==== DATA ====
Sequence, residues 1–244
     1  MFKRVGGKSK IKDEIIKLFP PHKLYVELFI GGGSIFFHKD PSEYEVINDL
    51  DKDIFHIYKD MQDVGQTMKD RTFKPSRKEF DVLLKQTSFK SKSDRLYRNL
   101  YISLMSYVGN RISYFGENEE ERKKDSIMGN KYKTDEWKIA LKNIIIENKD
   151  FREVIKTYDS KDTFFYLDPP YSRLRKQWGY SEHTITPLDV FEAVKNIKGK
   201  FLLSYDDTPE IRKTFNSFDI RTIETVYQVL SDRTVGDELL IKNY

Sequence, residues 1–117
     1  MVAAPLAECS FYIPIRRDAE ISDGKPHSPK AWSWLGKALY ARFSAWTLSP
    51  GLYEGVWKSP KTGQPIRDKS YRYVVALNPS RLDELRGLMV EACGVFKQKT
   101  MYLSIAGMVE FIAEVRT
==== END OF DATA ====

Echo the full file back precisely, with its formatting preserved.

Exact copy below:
Sequence, residues 1–244
     1  MFKRVGGKSK IKDEIIKLFP PHKLYVELFI GGGSIFFHKD PSEYEVINDL
    51  DKDIFHIYKD MQDVGQTMKD RTFKPSRKEF DVLLKQTSFK SKSDRLYRNL
   101  YISLMSYVGN RISYFGENEE ERKKDSIMGN KYKTDEWKIA LKNIIIENKD
   151  FREVIKTYDS KDTFFYLDPP YSRLRKQWGY SEHTITPLDV FEAVKNIKGK
   201  FLLSYDDTPE IRKTFNSFDI RTIETVYQVL SDRTVGDELL IKNY

Sequence, residues 1–117
     1  MVAAPLAECS FYIPIRRDAE ISDGKPHSPK AWSWLGKALY ARFSAWTLSP
    51  GLYEGVWKSP KTGQPIRDKS YRYVVALNPS RLDELRGLMV EACGVFKQKT
   101  MYLSIAGMVE FIAEVRT